Outrage: Detroit school district throws out valuable Black History Books, artifacts
By Black Blue Dogs
The emergency situation in Detroit has already gotten criticism from residents, who feel that the predominantly Black city has been taken over by those seeking to pillage and control the Black community. Now, the situation has been worsened by what an emergency manager is saying was a simple (yet costly) mistake.
Emergency manager for the finances of Highland Park High School, Donald Weatherspoon, has admitted that workers inadvertently threw scores of material, including Black History books and films, into dumpsters. Much of the material was limited edition and irreplaceable, causing deep concern among those who value Black History. Weatherspoon says that the district was able to recover most of the materials, but community residents aren’t so sure.
Residents claim that they found as many as 1,000 pieces of material on their own, taking credibility away from the district’s claims that the situation caused little harm to the important and valuable information.
The materials that have been uncovered are being sorted out for their historical value. Some will go to a library and others would go to museums. But Weatherspoon says that none of the material will be sold. But residents are upset that the district is not going to keep any of the materials itself.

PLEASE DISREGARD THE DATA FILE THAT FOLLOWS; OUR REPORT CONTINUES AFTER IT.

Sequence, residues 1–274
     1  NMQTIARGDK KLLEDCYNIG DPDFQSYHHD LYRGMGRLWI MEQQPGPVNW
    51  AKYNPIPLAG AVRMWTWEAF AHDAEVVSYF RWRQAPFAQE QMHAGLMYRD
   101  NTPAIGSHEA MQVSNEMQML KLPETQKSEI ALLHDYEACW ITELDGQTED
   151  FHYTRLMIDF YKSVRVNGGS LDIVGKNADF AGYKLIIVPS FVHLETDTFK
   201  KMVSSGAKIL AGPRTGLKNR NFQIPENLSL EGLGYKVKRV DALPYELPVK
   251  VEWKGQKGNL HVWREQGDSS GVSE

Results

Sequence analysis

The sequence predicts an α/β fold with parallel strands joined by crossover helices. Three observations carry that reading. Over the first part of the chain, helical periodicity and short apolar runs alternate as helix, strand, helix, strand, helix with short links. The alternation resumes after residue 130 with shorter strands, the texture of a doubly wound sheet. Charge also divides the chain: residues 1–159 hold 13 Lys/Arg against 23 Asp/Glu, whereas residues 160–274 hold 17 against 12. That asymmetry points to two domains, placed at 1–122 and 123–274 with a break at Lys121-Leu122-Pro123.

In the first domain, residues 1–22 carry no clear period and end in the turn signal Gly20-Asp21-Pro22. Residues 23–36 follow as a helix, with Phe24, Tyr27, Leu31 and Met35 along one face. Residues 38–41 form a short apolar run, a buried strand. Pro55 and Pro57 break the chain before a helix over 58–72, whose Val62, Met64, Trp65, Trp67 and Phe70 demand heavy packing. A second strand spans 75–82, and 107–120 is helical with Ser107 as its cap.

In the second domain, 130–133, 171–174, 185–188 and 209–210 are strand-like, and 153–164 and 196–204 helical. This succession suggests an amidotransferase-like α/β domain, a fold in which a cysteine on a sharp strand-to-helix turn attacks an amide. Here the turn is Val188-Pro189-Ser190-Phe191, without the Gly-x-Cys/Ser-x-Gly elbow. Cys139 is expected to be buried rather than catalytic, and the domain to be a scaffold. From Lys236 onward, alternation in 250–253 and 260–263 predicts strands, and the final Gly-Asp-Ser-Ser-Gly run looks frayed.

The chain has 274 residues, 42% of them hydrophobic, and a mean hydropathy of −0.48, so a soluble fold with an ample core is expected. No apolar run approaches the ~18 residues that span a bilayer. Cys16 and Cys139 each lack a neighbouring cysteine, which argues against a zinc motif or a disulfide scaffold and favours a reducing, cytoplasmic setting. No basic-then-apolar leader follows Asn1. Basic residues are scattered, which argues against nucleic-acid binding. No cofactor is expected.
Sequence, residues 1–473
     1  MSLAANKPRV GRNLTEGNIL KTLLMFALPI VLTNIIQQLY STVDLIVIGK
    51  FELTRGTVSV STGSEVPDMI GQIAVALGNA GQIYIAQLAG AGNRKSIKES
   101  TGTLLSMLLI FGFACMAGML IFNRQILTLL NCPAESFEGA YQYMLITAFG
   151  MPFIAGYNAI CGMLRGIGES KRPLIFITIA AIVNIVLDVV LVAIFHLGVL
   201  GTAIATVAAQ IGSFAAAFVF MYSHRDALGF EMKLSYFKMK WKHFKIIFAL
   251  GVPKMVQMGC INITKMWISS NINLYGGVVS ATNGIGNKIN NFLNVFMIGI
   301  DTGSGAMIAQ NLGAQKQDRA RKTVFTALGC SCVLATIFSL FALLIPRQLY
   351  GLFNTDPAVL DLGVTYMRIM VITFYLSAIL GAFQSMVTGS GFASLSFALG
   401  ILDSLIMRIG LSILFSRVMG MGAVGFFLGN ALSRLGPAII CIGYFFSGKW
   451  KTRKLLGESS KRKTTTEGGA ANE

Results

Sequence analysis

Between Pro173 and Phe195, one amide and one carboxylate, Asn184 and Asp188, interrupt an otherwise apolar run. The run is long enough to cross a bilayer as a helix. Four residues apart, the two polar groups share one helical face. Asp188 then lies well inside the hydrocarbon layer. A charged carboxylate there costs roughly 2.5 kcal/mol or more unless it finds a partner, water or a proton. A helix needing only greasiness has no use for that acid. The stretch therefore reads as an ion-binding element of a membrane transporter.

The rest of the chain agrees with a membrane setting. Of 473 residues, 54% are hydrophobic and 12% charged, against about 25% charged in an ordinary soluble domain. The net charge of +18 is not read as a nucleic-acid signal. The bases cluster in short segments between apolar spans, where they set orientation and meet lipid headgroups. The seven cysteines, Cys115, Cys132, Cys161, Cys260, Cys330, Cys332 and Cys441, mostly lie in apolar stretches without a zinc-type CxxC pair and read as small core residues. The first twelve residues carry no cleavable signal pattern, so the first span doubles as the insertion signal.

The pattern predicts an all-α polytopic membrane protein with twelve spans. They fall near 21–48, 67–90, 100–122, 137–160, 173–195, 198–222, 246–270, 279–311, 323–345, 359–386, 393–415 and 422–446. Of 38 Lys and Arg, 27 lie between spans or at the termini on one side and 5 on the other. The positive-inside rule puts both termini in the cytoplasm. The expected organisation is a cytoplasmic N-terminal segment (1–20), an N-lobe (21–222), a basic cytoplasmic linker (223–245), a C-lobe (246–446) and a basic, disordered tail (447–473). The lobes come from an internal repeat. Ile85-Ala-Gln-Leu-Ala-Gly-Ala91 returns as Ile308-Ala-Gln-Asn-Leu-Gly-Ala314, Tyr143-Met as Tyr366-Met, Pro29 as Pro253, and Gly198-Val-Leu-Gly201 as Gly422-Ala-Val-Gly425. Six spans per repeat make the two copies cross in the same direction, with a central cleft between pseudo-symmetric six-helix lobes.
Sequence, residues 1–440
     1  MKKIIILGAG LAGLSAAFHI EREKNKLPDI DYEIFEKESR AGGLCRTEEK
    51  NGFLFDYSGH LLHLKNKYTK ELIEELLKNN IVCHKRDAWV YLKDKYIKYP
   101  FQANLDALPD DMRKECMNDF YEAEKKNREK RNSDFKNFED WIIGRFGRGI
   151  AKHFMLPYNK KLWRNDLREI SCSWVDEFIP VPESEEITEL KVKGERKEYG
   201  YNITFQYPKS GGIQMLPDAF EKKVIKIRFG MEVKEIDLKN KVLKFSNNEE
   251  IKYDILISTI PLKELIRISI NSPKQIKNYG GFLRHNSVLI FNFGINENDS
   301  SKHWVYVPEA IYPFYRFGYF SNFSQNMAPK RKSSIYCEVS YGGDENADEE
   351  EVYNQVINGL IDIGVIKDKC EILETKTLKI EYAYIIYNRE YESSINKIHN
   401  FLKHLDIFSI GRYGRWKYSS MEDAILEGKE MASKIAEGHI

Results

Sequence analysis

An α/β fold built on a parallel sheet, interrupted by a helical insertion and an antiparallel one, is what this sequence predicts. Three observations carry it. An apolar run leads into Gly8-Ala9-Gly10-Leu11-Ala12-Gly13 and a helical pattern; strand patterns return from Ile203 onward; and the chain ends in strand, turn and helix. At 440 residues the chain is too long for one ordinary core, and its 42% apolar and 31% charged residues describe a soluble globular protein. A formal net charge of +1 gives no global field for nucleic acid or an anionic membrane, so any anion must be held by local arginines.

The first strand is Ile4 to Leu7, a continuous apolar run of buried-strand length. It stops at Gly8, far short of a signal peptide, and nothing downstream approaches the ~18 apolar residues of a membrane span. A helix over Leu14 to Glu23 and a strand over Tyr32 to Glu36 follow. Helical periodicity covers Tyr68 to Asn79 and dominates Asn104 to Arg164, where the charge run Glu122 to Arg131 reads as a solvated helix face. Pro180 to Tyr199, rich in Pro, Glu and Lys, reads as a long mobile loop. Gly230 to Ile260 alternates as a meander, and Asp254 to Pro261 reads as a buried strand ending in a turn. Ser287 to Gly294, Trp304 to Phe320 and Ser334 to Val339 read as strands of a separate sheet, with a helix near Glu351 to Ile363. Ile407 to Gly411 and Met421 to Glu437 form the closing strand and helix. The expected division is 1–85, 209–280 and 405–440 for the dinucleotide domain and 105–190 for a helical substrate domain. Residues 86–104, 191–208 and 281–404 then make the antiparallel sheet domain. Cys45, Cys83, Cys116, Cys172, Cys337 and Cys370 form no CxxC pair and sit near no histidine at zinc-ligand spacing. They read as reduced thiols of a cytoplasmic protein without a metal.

“This speaks to a larger issue, a disinvestment in urban areas,” said Rodney Patrick, Highland Park, Mich., city councilman.
Some of the information also included tax and bank records.
Highland Park Board Vice President Debra Humphrey says that this was probably not done in error.
“I can’t let you sit here and say this was a mistake,” said Humphrey.
The residents feel that because the district can’t afford to keep the materials, students are being denied access to valuable pieces of Black History. The question to ask is whether or not this decision would be different if they were white kids in the suburbs, with plenty of wealth deriving from hundreds of years of white privilege.
“I remembered that there were some exclusive books there, especially books written by classical African-American authors,” said Earl Wheeler, former City Council president.
What do you think? Do schools value Black history?